Thirdly, it is the case that companies will not always know exactly who their shareholders or investors are and what they care about. The complex nature of the investment market, with some investors picking stocks for their portfolios and others being invested in index funds, means that companies have to cater to a massive array of information needs. These include what might affect investment valuation, an investment’s contribution to systemic risk, how exposed it is, and what the implications of proxy voting might be.
All of this will edge companies closer towards a materiality assessment based on both the company’s impact on the world around it as well as the potential effect on its enterprise value; in other words, and for all practical purposes, applying a double materiality concept. Consequently, this low bar for materiality will mean that the initial volume of information companies may feel under pressure to report will be massive. As with many new developments in reporting, companies will need to work out how to provide the right amount of information to the right stakeholders without overwhelming them with hundreds of pages of additional reporting. The compliance burden for companies will be high but for investors with multiple companies to monitor, the information burden will be even higher. The expectation is that this cost will be outweighed by the benefits to the market – and companies – of having more complete, transparent, comparable and reliable information on which to base resource allocation decisions.
Lastly, the fact that many companies will have to report new information and in large quantities could have the potential to cause a period of significant volatility in markets. It is likely that if companies begin to report accurately on their sustainability profile, the information they provide will be illuminatingly different from what the market thought it knew. These are difficult issues to report on, rife with judgement, and companies do not yet feel safe doing it – especially when it comes to enforcement. There will have to be a period of shared understanding between companies and their investors while companies seek to improve their sustainability credentials and refine their reporting. But investors won’t give companies a free pass and their patience will wear thin quickly if companies do not appear to take this reporting seriously.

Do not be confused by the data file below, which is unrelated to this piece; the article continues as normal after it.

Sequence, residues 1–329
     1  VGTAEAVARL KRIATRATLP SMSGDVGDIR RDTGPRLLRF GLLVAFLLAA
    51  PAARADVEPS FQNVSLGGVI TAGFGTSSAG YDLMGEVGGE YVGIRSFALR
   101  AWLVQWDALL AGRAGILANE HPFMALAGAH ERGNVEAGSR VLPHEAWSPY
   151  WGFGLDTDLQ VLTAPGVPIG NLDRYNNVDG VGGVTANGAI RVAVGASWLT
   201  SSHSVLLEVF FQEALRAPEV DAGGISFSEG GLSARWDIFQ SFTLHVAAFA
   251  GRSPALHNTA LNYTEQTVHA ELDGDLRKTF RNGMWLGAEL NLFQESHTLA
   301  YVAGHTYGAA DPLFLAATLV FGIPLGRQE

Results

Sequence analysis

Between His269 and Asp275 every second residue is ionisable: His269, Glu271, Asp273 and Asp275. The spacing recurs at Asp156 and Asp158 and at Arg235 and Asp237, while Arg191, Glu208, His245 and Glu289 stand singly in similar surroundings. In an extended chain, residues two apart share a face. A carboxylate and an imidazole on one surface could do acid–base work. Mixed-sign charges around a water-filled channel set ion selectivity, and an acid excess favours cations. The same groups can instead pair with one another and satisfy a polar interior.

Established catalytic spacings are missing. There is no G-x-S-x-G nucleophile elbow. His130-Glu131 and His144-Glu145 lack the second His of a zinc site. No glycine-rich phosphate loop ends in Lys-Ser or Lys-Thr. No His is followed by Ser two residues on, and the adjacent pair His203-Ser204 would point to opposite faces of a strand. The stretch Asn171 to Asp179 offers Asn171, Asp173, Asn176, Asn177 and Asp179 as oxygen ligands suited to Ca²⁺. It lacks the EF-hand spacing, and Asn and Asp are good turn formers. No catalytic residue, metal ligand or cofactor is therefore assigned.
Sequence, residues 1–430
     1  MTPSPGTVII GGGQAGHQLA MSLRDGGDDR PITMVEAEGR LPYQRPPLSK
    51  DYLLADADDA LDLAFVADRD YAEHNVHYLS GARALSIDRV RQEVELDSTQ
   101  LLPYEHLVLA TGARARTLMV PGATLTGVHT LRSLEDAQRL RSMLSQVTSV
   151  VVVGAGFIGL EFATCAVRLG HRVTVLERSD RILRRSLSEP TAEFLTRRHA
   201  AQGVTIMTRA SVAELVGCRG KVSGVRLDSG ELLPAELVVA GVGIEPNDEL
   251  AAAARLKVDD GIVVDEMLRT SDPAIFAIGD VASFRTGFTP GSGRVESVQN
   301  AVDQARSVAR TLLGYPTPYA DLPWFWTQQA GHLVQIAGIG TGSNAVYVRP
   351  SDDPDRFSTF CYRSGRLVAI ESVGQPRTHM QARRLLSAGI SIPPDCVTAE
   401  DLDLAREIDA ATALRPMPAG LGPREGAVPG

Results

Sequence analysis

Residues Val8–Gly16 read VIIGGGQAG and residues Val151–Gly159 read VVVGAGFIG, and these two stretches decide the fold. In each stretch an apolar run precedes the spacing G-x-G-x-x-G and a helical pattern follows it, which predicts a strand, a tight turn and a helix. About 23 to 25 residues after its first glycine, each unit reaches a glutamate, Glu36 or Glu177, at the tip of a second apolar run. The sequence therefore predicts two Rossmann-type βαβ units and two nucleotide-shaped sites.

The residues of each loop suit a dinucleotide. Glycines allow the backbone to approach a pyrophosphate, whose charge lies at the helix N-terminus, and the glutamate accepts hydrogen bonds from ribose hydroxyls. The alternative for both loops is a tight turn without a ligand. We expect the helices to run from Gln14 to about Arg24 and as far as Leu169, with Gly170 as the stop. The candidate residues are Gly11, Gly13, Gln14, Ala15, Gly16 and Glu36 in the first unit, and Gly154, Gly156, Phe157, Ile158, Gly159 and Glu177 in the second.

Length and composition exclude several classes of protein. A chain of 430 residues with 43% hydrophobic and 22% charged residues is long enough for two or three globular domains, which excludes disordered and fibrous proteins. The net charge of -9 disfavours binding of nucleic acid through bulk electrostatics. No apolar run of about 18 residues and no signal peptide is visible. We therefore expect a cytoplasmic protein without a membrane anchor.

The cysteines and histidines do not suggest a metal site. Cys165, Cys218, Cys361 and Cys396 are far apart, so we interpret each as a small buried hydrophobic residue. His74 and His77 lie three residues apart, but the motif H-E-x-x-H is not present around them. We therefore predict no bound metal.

None of these practical difficulties, however, ought to derail efforts to align. Financial reporting standards have proven to be a driving force of stability and development in our global capital markets. Sustainability reporting standards promise to do the same. Ultimately, investors and other stakeholders need access to information – both financial and sustainability-related – with sufficient transparency to be able to send the right market signals to companies about the kind of corporate behaviour they expect and will support. This then helps create the business case for companies to take action on the priorities that their investors, customers and others really care about.
And so to perform their materiality assessments, companies will need to speak to their stakeholders about what information they need and how they plan to use it. Companies need to articulate the value drivers for their business to see if they and their stakeholders are on the same page. They may find that for many issues their enterprise value and impact materiality assessments are so interlinked that for practical reasons it is not possible to split them apart.
This is a critical moment. We must focus on what unites us in agreement and we cannot afford for minor differences to get in the way of progress. Companies occasionally need to report new information and markets need to work out how to digest it. This is not unfamiliar territory – new accounting standards and regulatory reporting requirements come up from time to time. Companies and investors have, in the past and on other topics, risen to the challenge. They must do so again.
We thank Paisley Ashton-Holt, Tom Beagent, Henry Daubeney, Will Evison, Alan McGill, Andreas Ohl, Atul Patel, Naomi Rigby and Katie Woods for their insightful contributions to this article.